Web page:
April 5-6, 2024
The goals for this event are:
- Provide a curriculum extension and update of the EFO Program.
- Recognize and spotlight outstanding and innovative research by select EFO Program students.
- Provide high-quality presentations by private and public sector representatives.
- Promote continuous dialogue among EFO Program graduates and U.S. Fire Administration staff.
- Facilitate networking between EFO Program graduates and leaders in the fire and EMS profession.
- Officially recognize recent EFO Program graduates and research winners.
Who can attend
Current and future fire and EMS leaders, EFO Program graduates and EFO Program students.
Conference registration and on-campus lodging are free but space is limited. Bus transportation is provided to and from BWI Thurgood Marshall Airport for those staying on campus.
Attendees staying in on-campus housing are required to purchase a meal ticket for the duration of their stay. There is no travel reimbursement for the symposium.
The 2023 EFO Symposium Committee prepared a fantastic 2-day program with an amazing lineup of presenters. This year's symposium had something for everyone.
Character Based Leadership and How It Influences How We Lead
Director Kimberley Milani of the Ian O. Ihnatowycz Institute for Leadership at the Ivey Business School at Western University (London, Ontario, Canada) and Jamie Rychard from the Burlington Fire Department (Ontario, Canada)
Leadership is always a combination of 3 elements: competence, commitment to the leadership role, and character. Unfortunately, character has traditionally received the least attention of these 3 pillars — in research, in leadership development programs and in the leadership discourse in general — even though it is foundational to good judgment.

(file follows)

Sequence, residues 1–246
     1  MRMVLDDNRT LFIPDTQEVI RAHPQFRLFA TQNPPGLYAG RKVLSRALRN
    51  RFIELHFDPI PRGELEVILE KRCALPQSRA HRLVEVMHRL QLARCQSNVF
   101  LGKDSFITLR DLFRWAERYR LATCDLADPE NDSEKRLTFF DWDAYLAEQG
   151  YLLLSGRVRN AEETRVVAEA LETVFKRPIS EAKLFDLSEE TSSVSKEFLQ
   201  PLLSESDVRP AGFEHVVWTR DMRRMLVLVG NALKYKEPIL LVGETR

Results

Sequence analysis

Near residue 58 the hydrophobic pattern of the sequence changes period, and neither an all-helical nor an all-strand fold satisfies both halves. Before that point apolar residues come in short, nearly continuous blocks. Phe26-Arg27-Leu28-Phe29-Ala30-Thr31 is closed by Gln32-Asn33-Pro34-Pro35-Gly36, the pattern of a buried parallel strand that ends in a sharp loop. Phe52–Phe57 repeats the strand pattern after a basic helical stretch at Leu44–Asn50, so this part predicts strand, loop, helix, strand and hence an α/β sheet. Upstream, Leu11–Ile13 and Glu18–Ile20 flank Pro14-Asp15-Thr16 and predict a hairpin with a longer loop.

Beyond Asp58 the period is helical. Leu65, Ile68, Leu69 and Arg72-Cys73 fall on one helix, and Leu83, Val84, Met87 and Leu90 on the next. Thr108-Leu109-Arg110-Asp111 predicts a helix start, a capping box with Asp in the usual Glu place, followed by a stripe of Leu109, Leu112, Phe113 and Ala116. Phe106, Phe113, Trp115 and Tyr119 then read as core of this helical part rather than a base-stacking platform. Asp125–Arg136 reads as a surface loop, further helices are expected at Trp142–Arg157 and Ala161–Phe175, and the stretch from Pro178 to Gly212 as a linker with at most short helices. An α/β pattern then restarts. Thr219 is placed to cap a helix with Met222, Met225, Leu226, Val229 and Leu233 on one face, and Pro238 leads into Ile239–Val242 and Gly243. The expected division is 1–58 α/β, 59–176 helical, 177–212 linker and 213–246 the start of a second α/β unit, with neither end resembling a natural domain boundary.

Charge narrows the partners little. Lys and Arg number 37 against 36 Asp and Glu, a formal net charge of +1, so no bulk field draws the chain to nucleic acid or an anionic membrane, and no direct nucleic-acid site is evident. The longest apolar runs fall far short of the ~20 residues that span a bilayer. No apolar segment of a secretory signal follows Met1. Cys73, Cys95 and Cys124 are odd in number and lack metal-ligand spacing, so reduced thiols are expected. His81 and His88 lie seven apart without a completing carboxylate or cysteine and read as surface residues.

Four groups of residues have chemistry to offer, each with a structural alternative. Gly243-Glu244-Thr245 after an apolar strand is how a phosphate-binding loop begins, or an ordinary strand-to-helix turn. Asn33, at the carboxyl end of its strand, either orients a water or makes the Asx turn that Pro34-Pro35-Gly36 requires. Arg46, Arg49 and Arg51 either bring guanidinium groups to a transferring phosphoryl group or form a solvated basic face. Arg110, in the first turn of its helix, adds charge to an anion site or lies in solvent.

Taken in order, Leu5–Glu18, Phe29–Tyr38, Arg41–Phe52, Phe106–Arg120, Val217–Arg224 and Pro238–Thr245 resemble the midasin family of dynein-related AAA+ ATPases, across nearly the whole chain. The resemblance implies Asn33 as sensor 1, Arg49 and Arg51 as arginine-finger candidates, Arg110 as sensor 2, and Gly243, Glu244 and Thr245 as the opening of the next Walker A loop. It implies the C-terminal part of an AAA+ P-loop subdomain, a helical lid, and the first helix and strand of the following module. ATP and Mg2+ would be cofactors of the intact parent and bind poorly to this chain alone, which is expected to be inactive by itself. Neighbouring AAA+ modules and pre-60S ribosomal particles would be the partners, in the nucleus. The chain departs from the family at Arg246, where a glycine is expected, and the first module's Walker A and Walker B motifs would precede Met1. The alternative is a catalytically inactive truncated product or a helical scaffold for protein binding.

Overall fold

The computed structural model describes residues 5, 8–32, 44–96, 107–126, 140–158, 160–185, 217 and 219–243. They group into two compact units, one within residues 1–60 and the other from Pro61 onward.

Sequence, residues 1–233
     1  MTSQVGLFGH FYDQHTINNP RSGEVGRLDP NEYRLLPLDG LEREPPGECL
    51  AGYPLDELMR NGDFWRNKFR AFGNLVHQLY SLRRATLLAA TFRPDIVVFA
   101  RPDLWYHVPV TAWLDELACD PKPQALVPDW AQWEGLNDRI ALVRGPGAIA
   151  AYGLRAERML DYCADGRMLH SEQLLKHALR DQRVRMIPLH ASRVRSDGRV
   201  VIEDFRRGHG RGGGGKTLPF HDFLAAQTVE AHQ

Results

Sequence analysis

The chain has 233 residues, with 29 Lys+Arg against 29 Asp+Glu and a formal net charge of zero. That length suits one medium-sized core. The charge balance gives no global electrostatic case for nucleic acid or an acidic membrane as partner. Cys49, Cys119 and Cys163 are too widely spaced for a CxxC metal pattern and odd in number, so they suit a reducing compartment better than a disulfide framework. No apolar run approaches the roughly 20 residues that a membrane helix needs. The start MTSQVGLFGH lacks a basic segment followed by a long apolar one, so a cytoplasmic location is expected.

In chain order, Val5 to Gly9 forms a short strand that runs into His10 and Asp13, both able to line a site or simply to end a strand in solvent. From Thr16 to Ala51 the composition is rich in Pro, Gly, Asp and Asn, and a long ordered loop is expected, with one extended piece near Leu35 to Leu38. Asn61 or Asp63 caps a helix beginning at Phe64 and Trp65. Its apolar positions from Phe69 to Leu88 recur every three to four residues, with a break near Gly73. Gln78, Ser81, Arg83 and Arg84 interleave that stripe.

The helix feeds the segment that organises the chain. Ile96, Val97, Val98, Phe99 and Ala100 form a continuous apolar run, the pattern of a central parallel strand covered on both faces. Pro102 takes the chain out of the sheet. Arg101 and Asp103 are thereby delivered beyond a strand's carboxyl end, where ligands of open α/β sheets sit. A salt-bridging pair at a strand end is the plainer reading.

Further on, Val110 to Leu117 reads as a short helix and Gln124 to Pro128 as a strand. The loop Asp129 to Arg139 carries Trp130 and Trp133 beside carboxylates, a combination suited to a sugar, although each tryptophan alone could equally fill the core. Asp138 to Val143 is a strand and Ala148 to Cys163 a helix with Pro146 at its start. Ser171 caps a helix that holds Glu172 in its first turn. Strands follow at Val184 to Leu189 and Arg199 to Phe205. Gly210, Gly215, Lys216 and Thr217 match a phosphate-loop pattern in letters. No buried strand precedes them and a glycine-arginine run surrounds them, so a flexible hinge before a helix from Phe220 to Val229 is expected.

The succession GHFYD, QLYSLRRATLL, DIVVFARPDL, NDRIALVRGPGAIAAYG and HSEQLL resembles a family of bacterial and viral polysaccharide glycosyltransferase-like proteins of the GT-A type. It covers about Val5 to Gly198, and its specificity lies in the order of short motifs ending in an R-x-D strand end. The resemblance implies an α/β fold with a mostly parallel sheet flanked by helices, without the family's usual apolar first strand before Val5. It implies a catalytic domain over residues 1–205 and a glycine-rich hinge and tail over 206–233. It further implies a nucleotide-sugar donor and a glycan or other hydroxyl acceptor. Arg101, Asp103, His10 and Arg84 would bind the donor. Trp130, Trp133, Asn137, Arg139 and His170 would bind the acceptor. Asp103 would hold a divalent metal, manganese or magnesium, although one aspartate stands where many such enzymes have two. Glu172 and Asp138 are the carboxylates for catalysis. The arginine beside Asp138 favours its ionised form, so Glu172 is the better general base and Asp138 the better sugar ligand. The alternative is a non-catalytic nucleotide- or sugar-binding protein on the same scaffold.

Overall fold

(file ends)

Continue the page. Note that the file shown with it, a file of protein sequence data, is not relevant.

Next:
During this presentation, Kimberley Milani and James Rychard will explore what character-based leadership is and how it influences how we lead. They will debunk the myth that it is something we are born with or set in place at an early age but, akin to a muscle, can be exercised and strengthened throughout one's lifetime. They will also reveal how character reaches far beyond the realm of ethics and is a powerful component of leadership that supports superior performance, underpins effective decision-making, and contributes to individual and organizational well-being.Download presentation 6 MB
From the Laboratory to the Fireground: Leading the Change in Modern Fire Control Strategies
Dr. Dan Madrzykowski, Underwriters Laboratories (UL) Firefighter Safety Research Institute (FSRI)
The future of the fire service is being driven by changes in our own environment. With new technologies, building materials and alternative energy systems creating new challenges, the fire service continues to prove that it is resilient in the way it adapts to the changes in the world around it. This session for leaders will share the latest work taking place at UL FSRI and how this information can be implemented by fire service leaders back home.Download presentation 609 MB
Leadership Lessons From the Battle of Gettysburg
Dr. Michael McGough, D.Ed, educator, author and leadership development speaker
Few events in history provide a better setting for a study of organizational leadership than the Battle of Gettysburg. The leadership lessons associated with the Gettysburg Campaign are as numerous as they are profound. A study of this historic engagement produces abundant examples of strikingly simple and highly intricate leadership strategies.
There are stunning examples of successes and failures in the decision-making process and a host of actions that serve as vivid illustrations of the consequences of effective and ineffective leadership initiatives. The battlefield at Gettysburg was a crucible in which 19th century strategies of military, political and interpersonal leadership were tested in the intense heat of war. The leadership strategies employed at Gettysburg are relevant and closely tied to contemporary, research‑based studies on the motivations, approaches and complex intricacies of interpersonal and organizational leadership.
Leadership Lessons on Valentine's Day
Charlie Dickinson, former chief of the Pittsburgh Fire Department and former deputy U.S. fire administrator